SUVA, Fiji (AFP) - Cyclone-devastated Vanuatu declared a state of emergency on Sunday as relief agencies scrambled to get help to the remote Pacific nation amid reports entire villages were "blown away" when a monster storm swept through.
"The government has declared a state of emergency for the whole country," Vanuatu National Disaster Management Office spokesman Paulo Malatu told AFP, adding: "There are six certainties (deaths) in Port Vila and 20 casualties."
The official death toll in the capital Port Vila stood at six on Sunday, although aid workers said this was likely just a fraction of the fatalities nationwide, with communications still down across most of the archipelago's 80 islands.
The government said it was still trying to assess the scale of the disaster unleashed when Super Cyclone Pam, a maximum category five system, vented its fury on Friday night, with winds reaching 320 kmh.
The United Nations had unconfirmed reports that Super Cyclone Pam had killed 44 people in one province alone and Oxfam said the destruction in Port Vila was massive, with 90 per cent of homes damaged.
"This is likely to be one of the worst disasters ever seen in the Pacific, the scale of humanitarian need will be enormous... entire communities have been blown away," said Oxfam's Vanuatu director Colin Collet van Rooyen.
"People have completely amazed me," he added. "I've seen people walk away from totally destroyed houses and help others."
Vanuatu's President Baldwin Lonsdale described the storm as "a monster that has devastated our country", his voice breaking as he described Port Vila's devastation.
"Most of the buildings have been destroyed, many houses have been destroyed, school, health facilities have been destroyed," he told the BBC from Japan, where he was attending a disaster management conference when the cyclone hit.
Aid workers described destroyed homes, uprooted trees and blocked roads following what Unicef spokesman Alice Clements said was "15-30 minutes of absolute terror" as the cyclone barrelled into the island.
"People have no water, they have no power, this is a really desperate situation right now. People need help," she told AFP.
Ms Clements said most of the dwellings on Port Vila's outskirts, largely tin shacks, stood no chance.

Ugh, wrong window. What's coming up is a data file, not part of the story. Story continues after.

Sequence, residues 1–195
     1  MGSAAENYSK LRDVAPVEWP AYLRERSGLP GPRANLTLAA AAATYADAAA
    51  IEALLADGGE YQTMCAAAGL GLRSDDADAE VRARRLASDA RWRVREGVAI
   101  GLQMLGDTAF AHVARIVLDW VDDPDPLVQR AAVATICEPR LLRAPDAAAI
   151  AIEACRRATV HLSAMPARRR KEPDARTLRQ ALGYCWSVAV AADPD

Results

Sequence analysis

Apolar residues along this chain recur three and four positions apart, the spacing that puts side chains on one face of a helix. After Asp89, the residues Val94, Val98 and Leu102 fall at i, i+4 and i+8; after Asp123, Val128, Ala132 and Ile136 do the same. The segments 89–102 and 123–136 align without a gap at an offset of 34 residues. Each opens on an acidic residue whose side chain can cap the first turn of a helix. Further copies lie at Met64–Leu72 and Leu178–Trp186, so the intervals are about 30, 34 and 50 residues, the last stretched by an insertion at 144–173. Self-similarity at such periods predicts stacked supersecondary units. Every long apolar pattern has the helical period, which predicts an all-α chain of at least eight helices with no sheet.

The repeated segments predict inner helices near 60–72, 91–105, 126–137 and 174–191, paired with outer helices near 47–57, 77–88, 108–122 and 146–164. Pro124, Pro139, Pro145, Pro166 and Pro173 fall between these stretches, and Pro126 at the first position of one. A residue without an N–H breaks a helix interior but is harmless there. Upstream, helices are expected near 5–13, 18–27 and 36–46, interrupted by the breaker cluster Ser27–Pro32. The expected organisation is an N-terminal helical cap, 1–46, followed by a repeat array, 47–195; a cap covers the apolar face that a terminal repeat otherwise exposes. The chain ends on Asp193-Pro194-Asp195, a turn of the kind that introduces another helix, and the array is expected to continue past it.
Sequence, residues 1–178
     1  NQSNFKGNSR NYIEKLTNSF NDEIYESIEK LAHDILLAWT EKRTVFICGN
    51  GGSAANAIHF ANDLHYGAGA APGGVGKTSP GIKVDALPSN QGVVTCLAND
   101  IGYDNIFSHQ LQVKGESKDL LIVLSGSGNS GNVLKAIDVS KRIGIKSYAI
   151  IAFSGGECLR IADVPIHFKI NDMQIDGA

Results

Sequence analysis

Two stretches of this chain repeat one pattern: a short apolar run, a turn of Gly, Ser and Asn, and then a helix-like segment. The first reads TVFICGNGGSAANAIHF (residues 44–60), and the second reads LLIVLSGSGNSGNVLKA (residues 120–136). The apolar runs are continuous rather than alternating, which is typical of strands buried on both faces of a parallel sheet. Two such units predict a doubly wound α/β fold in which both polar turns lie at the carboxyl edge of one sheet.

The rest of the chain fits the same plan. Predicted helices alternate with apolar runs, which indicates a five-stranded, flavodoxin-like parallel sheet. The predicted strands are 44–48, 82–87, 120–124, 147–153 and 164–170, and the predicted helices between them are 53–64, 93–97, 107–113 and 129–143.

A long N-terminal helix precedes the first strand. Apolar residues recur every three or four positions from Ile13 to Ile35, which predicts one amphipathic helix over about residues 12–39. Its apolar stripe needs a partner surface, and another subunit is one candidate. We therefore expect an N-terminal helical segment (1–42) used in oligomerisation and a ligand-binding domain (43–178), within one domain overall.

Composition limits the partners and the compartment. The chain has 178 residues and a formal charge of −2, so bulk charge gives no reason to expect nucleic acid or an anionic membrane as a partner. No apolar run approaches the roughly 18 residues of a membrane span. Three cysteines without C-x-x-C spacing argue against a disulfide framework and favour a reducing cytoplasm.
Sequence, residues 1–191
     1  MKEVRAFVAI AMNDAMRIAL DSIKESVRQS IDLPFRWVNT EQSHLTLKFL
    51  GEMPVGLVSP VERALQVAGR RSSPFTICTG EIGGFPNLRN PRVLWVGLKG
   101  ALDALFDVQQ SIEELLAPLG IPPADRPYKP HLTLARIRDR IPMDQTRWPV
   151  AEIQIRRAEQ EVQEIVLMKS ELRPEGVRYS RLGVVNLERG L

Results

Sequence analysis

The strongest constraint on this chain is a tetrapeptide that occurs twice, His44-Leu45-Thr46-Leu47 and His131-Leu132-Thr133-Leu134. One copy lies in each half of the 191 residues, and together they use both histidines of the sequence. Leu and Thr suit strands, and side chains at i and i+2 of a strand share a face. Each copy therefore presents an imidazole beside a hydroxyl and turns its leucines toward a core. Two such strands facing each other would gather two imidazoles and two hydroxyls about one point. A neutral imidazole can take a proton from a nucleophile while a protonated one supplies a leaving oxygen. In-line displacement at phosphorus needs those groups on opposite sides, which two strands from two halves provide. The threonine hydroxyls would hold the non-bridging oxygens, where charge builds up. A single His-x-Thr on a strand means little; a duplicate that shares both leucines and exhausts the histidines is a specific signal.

"People tried to tie down their roofs, they put bricks on them, but it's total destruction, they've been absolutely flattened," she said.
"I was talking to people who were sheltering in a church. It was destroyed and they had to run for their lives.
"People are collecting the fruit that's been blown on the ground, then they'll go onto their root crops and after that they've got no food."
Oxfam's executive director Helen Szoke said it was a "worse than worst-case scenario", while World Vision spokeswoman Chloe Morrison said the situation appeared grim for the outlying islands in the nation of 275,000.
"We're seeing whole villages and houses blown away," she said.
Save the Children's head of humanitarian response Nichola Krey raised fears of food shortages in the subsistence economy and said conditions in evacuation centres were challenging.
"Many of the evacuation centres have lots of women and young children sleeping cheek-by-jowl, so health and protection will by key in the coming weeks," she said.
Ms Clements said the hospital had also been flooded and most of its medical supplies were compromised.
Despite the problems, relief began to trickle in on Sunday, a day after Vanuatu's President Lonsdale made an emotional call for international aid at the Japan conference.
Port Vila's airport was repaired sufficiently to allow an Australian air force plane to land with supplies of food shelter and medicine.
A New Zealand air force place also flew in supplies to neighbouring Tuvalu, where Prime Minister Enele Sopoaga said 45 percent of the 11,000 population had been displaced.
"We are worried about the aftermath in terms of hygiene and supplies of essential materials like food, medicine and water," Mr Sopoaga told Radio New Zealand after declaring a state of emergency.
Non-governmental organisations have launched public appeals while governments around the globe pledged relief funding including US$3.8 million from Australia, US$2.9 million from Britain, US$1.8 million from New Zealand and US$1.05 million from the European Union.
France was also sending flights from its Pacific territory of New Caledonia and ordered the frigate Vendemiaire to sail from Noumea so it can help assess the scale of the damage.
New Caledonia High Commissioner Paul-Marie Claudon said it was part of a coordinated response under which France would carry out damage assessment while Australia and New Zealand concentrated on humanitarian relief.
"A disaster of this magnitude has not been experienced by Vanuatu in recent history - particularly in terms of the reach of the potential damage and the ferocity of the storm," said Mr Sune Gudnitz, who heads the United Nations Office for the Coordination of Humanitarian Affairs in the Pacific.